There has been a spike in searches for casual and weekend work as households scramble to cope with cost-of-living increases that are running well ahead of wage growth.
New data from job website Indeed shows what’s described as a noticeable uptick in job searches for part-time and weekend work, as well as jobs requiring no experience.
Employment data from the Central Statistics Office (CSO) this week is likely to show a record number in work in Ireland, but the hunt for part-time jobs may be a sign members of households that were comfortably able to depend on one or two wage earners are now seeking additional income as inflation eats away at real incomes.
Indeed economist Jack Kennedy said the trend is likely to reflect people who need flexibility, such as parents, students, or people who are semi-retired, wanting to engage in the workforce in a way that can fit into their lives.
“These trends clearly show that jobseekers are feeling the pinch right now as wage growth sits at roughly half of inflation rates,” he said.
"Salary, benefits and job security are the main priorities for them when considering their career, however it’s possible we may see less frequent job hopping as people become wary of moving in an uncertain environment.”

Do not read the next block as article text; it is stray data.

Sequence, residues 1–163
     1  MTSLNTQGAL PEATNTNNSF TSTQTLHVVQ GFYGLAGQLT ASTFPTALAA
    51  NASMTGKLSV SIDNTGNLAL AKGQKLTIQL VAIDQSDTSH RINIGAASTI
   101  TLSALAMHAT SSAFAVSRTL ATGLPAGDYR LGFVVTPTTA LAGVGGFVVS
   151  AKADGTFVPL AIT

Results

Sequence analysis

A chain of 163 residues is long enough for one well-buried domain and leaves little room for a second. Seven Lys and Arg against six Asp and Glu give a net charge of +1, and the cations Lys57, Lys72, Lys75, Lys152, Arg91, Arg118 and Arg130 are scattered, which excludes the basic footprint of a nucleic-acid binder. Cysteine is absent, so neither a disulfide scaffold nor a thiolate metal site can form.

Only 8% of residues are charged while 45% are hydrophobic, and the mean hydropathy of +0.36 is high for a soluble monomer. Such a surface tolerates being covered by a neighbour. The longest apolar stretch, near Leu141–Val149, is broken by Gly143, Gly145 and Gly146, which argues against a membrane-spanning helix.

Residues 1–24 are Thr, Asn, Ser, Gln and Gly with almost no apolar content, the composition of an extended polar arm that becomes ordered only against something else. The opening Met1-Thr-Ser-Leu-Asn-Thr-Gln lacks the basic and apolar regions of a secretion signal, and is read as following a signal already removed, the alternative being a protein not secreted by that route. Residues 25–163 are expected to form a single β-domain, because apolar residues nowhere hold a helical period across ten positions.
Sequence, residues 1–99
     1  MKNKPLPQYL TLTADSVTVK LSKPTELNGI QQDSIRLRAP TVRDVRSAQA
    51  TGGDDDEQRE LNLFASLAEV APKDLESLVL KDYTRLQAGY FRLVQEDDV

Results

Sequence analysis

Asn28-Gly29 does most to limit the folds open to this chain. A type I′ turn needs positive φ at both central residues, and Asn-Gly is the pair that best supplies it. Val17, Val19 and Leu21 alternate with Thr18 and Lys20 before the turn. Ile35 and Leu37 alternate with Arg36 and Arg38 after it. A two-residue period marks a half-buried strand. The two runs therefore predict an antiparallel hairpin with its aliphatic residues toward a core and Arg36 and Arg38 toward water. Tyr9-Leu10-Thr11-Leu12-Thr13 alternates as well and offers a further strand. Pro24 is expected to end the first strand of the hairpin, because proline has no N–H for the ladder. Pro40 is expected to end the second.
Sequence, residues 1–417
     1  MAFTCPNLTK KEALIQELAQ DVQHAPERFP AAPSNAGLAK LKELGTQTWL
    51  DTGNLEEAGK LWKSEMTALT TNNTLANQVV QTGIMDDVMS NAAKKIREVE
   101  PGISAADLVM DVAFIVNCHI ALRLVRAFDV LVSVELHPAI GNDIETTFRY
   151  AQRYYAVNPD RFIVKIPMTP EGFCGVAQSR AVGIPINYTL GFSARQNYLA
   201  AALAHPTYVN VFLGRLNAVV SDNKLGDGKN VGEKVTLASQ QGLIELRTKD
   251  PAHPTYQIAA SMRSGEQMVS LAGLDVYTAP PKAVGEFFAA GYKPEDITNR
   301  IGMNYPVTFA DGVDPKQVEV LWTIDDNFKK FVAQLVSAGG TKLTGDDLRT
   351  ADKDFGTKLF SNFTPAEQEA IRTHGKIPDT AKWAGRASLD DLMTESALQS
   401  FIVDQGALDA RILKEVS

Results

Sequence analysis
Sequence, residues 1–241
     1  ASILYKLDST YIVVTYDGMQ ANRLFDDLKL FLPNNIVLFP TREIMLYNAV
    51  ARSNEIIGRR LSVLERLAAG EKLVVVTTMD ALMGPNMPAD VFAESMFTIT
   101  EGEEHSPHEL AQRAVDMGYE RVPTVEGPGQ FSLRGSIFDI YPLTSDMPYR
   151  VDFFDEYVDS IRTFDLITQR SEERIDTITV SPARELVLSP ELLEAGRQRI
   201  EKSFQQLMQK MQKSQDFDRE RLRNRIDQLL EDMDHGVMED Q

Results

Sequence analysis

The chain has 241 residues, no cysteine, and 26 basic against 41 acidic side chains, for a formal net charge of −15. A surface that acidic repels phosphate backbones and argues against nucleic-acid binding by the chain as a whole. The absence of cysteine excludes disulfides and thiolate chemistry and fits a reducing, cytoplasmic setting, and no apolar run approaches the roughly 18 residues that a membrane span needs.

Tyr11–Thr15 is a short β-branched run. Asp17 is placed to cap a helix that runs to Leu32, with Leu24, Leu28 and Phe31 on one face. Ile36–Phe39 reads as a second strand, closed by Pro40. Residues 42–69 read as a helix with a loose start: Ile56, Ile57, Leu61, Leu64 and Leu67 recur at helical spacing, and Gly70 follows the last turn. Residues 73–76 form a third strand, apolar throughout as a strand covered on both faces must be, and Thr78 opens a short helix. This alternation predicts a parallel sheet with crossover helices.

The fact many searches are actively for jobs with “no experience required” provides an opportunity for employers, he said.
“If training can be provided on the job, listing prior experience as not necessary could be a great way to access a pool of untapped candidates as we reach full employment."
The Indeed data also indicates strong interest abroad in coming to Ireland.
The top two searches in Ireland were “visa sponsorship, healthcare assistant” (up 532pc) and “visa sponsorship, elderly care” (up 421pc), while “working visa sponsorship” came in at number six (up 214pc).
According to Indeed’s job postings data, Childcare saw the biggest rise in advertised pay last year (+17pc). However, the latest figures from the Indeed wage tracker show a general slowdown in wage growth in Ireland to 4.4pc in December, below their 2022 peaks.